Updated Jan 20, 2023 ...
Number 28 (P1)
Listen in as Maggie Dean chats with Madison area superbike racer Sam Kok about all things track. Otis McDonald. Download our feed here.
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It's been almost a year since our last episode, so ... uh ... Robin is still in New Mexico carving the curves of the lovely 152 and treacherous 52/59. Tim is gettin' frickin' married! The Burleson twins are two and can count to ten.
Our interview features the incredible Sam Kok, a road racer from Madison, WI who competes primarily in the Midwest. He's won national and regional races on a superbike clocking speeds up to 180 mph. This interview is a two-parter! For round one, Sam discusses the heavy technical science behind both low and high speed performance.
Listener questions are a lot of fun this round. The trio goes toe to toe with "new, innovative" and unnecessary (overpriced) technology that is cornering ABS. Then, we advise a well informed friend about bike lifts vs. handy tables.
Announce, Acknowledge & Correct
People, some dude rode 100,000 miles in 100 days. That's 1000 miles per day, minimum. Respect. More on that here: His Name Is Chris Hopper
When meeting Sam Kok for the first time, one might not suspect he races a superbike with surgical accuracy. Moreover, his kind, thoughtful and safety-minded demeanor offers wisdom to not only advanced-level track day aficionados but new would-be riders as well. In this first of two conversations, Mrs. Mags explores the science behind skills needed for high speed safety (and thrills).
Updated Site Features And Developments
The new beta is almost ready! There are still a number of important steps to be taken before its introduction but we're beginning to see the fruits of our labor. Bugs? Of course. Simpler? Much gooder, yes. More soonerer.
Surprisingly lightweight, this mid-sized (or as Robin would argue, "appropriately sized") sport tourer is already flying off the showroom floors before it even arrives. Let's hope they manufacture enough to answer the needs of one Travis Burleson.
Kit We're "Blatantly Pushing You To Buy"
Knight Design 1 inch Lowered Front Foot Pegs for Yamaha FZ1 Models -05, Sidetrax tread, black anodized
Enjoy an extra 1-3/8 inches of leg room with these high quality, US made foot pegs. Hard black anodized, with our Sidetrax tread pattern. This tread has a comfortable grip similar to that of your stock pegs. These foot pegs fit Yamaha FZ1 models 2001-2005. Easy installation: Remove your stock foot peg, mounting pin, and spring. Install your new foot peg with your stock foot peg pin and spring. Check brake and shift lever height for access and comfort after installing foot pegs.
Kevin Butler asks ...
"Should I ignore cornering ABS technology in my next motorcycle purchase? It seems most bikes after 2010 have ABS, which is great. But with most specs or features being almost equal (displacement, electronic features, bhp, etc.) do I, the risk adverse 1998 Honda Nighthawk owner, need cornering ABS on a bike? Consider the Versys 1000 LT CycleTrader sample prices: 2018 at less than $11,000 + $900 for 28 liter hard bags. 2019 at $15000. That's only one example but cornering ABS comes in a $3000 price tag? Will I actually use it? I've Never been on a racetrack, rarely ride in the rain, etc. Maybe I'm just talking myself out of the latest and greatest to opt for the slightly older model and cash savings?"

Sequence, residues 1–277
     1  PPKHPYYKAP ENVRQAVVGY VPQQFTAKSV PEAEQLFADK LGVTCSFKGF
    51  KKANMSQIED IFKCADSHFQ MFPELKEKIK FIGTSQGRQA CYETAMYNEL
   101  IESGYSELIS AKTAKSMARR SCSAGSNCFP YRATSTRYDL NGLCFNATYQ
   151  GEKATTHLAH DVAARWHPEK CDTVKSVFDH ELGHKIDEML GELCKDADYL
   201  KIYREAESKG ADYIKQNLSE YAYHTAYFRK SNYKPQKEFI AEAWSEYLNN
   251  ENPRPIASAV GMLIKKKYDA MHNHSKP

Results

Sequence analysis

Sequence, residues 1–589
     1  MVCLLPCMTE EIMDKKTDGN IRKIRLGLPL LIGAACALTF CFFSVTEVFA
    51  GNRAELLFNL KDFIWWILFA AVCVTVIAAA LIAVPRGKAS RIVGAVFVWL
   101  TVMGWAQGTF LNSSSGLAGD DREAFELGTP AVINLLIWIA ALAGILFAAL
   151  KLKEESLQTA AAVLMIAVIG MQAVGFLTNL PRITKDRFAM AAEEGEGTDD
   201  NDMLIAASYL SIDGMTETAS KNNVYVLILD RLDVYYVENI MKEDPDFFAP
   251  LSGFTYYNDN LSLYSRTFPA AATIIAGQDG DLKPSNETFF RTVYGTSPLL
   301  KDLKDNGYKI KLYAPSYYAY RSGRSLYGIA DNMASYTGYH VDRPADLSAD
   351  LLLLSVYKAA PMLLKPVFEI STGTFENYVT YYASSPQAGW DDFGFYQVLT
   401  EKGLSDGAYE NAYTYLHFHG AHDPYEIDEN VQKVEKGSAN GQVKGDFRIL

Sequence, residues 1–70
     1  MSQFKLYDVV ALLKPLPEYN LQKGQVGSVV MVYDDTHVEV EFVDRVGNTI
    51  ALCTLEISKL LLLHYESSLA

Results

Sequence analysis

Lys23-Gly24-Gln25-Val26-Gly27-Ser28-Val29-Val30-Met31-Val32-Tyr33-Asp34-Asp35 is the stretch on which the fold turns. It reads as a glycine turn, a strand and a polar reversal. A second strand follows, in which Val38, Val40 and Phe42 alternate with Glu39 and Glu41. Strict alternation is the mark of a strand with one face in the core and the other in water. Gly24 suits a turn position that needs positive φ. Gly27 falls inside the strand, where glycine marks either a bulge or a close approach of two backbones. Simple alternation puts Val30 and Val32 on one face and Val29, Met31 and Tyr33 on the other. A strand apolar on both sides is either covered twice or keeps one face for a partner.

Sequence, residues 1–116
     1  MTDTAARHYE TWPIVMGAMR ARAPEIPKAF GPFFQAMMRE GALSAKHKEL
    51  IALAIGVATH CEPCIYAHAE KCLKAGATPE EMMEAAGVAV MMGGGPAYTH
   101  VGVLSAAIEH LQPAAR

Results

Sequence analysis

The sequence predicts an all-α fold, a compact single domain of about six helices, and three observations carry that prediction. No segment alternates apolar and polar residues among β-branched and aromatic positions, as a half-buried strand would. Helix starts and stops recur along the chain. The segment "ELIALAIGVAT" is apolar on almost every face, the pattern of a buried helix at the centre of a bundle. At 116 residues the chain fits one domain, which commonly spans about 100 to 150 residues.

Mel Boldt asks ...
"I can't find a compelling argument for a motorcycle lift table vs. a big blue Jack that goes to the same height. Table is twice as much and not at all portable. I did find a handy lift that's about 350 cheaper without the vise. I have a condor stand that will work with it though. To get an oil pan under the Harley or triumph it has to be up in the air a couple inches at least. That puts me back on the ground with my craftsman jack for basic maintenance or spending another $200 for a Jack that works on the table. Any input?"
Should you have any motorcycle-pertinent questions you'd like answered, email them via our contact form or by calling (224) 358-3010.
Did We Miss Anything?
Sixty percent of the time, we're right every time. What would you add to the conversation and why? Your input is invited. Leave a comment!
My take on the Slimey Crud Run:
If the weather's nice, you get a huge amount of bikes, from a large area (including Chicago, Minnesota, etc.) coming in for this. New, old, common, rare, restored, beat up, etc. There will be a decent number of bikes there even when the weather is complete crap. I would say "prime viewing" in Pine Bluff is probably around 10:30 am. "Prime viewing" in Leland is probably around 2:30pm. There are a decent number of back roads in the area, should you want to do some wandering. Sadly, sometimes someone (or more) gets in over their head and crashes. With even a med-flight or death now and then. If you're going to do a ride, stick with some friends that you know will ride their own ride. Find some new odd-ball locations to check out. Find some small town food joints.
Just hit one meet-up, or both, or neither. Nothing's official. Nothing's set in stone.
Make your own day of it.
We spoke further about the Slimey Crud Run but there wasn't enough time in this episode to keep it.
Truth is, we agree with your take. Completely. Though, this site's demographic is angled more toward the curve carving crowd (which has its place in the wandering lot, I know).
"If you're going to do a ride, stick with some friends that you know will ride their own ride."
Funny you should mention, as Sam Kok (this episode's interview) rode The Bucky for the first time this year. I told him to look for podcast co-host and Bucky photographer Tim Clarke, as he knows a lot of the riders. Sam did in fact find Tim, who then pointed him toward a safe, sensible buddy of his to ride with.
Perfect for anyone new to that environment.